99 The WRS has approximately 460,000 participants. A participant is defined as "any person included within the provisions of the Wisconsin retirement system by virtue of being or having been a participating employee whose account has not been closed." Wis. Stat. ァ 40.02(45).

100 Every participant has interests and rights in the Wisconsin retirement system. Every participant is either an annuitant or a potential annuitant (with an individual account in the employee reserve). Thus, each participant has a property interest in his or her annuity or individual account, and a right to protect that interest. Beyond this narrow individual interest, each participant has a broad property interest in the WRS as a whole.[174]

101 Participants fall into several categories and multiple subcategories. As a result of their status, different participants have different interests. Active participating employees share many interests in common with annuitants and "inactive participants" who are not yet eligible to receive an annuity. But participants in one category might strongly oppose a proposal in the legislature or an action by the ETF Board that participants in another category would find quite satisfactory. As an example, annuitants might be pleased if the legislature distributed all money in the TAA to the various accounts and reserves in the fixed trust because such a distribution would produce a short-term bonanza for them from the money sent to the annuity reserve. However, many active participating employees would view such a move as destructive to their position for the future. Correspondingly, some active participating employees might prefer to limit or stop distributions from the TAA . . . until they were ready to retire. Locking up the TAA would not please current annuitants, however, especially when investments are doing well.

102 Participants have different property interests. An active participating employee has a clear property interest in his or her own account, but that same employee has no property interest in a retiree's annuity. Each annuity belongs to the annuitant.

103 The principle that different participants have different property interests is illustrated in two recent cases. In Association of State Prosecutors v. Milwaukee County, 199 Wis. 2d 549, 552, 544 N.W.2d 888 (1996), this court said: "We hold that vested employees and retirees have protectable property interests in their retirement trust funds which the legislature cannot simply confiscate under the circumstances of this case."

104 The court's choice of language was careful and deliberate. It implied that employees and former employees who are part of the same system do not all have the same interests or the same rights. The court held that 42 former assistant district attorneys of Milwaukee County who chose to become part of the WRS after assistant district attorneys became state employees did not have a property interest that would permit them to remove money from the Milwaukee County employee retirement system to fund past service credit in the WRS. The court said they did not have a property interest because they were not vested in the Milwaukee County system. If they had been vested, they might have remained in the Milwaukee system. By contrast, Milwaukee County employees who were vested in the Milwaukee system had a right to prevent money from being taken out of that system for non-trust purposes.[175]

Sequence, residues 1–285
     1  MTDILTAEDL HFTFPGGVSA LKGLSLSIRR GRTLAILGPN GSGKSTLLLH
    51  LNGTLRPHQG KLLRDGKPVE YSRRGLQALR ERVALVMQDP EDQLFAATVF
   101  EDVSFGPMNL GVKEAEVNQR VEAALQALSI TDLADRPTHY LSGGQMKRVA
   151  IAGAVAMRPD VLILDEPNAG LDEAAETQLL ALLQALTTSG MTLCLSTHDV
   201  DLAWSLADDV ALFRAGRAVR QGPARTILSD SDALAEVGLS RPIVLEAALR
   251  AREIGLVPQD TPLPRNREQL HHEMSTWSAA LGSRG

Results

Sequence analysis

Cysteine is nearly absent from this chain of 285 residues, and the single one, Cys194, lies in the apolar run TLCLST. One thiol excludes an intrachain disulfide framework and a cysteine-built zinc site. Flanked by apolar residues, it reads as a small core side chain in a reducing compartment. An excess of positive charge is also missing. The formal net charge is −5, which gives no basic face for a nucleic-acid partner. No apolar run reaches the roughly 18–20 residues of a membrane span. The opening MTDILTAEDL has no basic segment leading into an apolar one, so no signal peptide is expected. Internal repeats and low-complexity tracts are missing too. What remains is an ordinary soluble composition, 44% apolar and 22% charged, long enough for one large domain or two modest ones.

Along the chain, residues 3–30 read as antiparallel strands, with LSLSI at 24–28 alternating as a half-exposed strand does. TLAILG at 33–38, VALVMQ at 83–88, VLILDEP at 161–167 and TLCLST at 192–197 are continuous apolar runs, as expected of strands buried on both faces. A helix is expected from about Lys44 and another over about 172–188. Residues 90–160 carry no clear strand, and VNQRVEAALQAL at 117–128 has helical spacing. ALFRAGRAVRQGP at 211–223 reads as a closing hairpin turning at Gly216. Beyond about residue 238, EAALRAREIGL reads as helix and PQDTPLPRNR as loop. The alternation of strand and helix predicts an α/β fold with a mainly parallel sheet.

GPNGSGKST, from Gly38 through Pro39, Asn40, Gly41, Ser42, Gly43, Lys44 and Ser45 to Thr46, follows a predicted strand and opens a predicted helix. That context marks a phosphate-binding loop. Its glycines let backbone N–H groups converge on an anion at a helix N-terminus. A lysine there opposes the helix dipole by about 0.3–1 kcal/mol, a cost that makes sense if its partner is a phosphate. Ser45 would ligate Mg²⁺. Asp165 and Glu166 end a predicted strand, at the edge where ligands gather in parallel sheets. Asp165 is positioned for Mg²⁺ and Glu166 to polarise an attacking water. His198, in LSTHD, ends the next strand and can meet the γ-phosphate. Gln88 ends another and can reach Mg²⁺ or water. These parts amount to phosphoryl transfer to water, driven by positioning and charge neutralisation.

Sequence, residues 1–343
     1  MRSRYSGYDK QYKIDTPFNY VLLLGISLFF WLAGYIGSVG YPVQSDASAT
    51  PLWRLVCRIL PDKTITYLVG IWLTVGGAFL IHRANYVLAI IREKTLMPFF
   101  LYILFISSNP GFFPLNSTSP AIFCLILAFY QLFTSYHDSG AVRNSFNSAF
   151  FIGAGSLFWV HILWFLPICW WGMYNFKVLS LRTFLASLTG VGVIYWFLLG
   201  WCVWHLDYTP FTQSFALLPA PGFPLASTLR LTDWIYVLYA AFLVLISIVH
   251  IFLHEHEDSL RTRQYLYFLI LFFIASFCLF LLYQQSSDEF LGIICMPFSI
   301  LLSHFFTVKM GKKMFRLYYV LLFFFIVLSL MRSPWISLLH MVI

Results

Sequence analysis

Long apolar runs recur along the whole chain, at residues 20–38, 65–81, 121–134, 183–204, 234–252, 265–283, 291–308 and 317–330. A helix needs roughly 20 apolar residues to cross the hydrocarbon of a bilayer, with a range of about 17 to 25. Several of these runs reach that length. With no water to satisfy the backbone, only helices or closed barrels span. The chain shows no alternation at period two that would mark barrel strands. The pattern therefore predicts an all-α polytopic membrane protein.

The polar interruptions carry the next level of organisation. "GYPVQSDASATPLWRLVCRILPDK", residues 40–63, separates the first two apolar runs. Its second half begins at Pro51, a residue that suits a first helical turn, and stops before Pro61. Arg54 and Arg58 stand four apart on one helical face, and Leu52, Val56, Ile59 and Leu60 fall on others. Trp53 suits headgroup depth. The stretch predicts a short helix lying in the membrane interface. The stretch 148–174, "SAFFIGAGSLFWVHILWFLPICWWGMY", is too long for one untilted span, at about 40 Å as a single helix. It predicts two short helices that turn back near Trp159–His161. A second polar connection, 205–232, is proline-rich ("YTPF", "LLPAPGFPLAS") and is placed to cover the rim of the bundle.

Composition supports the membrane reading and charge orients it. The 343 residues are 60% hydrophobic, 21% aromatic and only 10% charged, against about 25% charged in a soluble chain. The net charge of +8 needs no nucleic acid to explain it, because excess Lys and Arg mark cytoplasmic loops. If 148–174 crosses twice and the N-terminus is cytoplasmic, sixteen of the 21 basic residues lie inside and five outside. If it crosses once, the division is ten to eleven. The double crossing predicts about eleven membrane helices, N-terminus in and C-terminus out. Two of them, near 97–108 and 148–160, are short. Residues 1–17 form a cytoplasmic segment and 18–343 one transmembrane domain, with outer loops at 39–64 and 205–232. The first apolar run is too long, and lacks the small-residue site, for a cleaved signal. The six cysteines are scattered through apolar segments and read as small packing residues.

105 A second example of diverse legal interests in property appeared in Retired Teachers, 207 Wis. 2d 1. The 1987 legislature approved a special investment performance dividend (SIPD) as part of a $230 million distribution from the TAA. 1987 Wis. Act 27. The targeted recipients of the dividend were pre-1974 annuitants who were included in the annuity reserve. These pre-1974 annuitants received less benefits than post-1974 annuitants because their base annuities were not improved as a result of post-1974 formula enhancements. Because of the discrepancy in benefits among annuitants, the legislature attempted to use money in the TAA to enhance the annuities of roughly 25 percent of the entire class of annuitants覧at the expense of 75 percent of the same class. We held unanimously that this legislative action constituted a taking from the annuitants who received no benefits. The court said: "[W]e must determine whether the SIPD legislation 'takes' the plaintiff annuitants' property interest in having annuity reserve account surpluses distributed in the manner prescribed by ァ 40.27(2). To the extent that the legislation violates the plaintiffs' ァ 40.27(2) rights, it effectively takes those rights." Retired Teachers, 207 Wis. 2d at 20 (emphasis added).

106 Our court found the 1987 legislation deficient in several respects, but we did not state or imply that any participant other than a post-1974 annuitant could claim a "taking." No participant other than an annuitant had any property interest in the annuity reserve.

107 Four decades ago, this court said that teachers have "a contractual relationship with the state and a vested right in the state teachers' retirement system." State Teachers' Ret. Bd. v. Giessel, 12 Wis. 2d 5, 9, 106 N.W.2d 301 (1960) (Giessel III). These general principles are sound. Our task is to restate them in a contemporary context, attempting to articulate a more complete statement of the property interests and rights enjoyed by participants.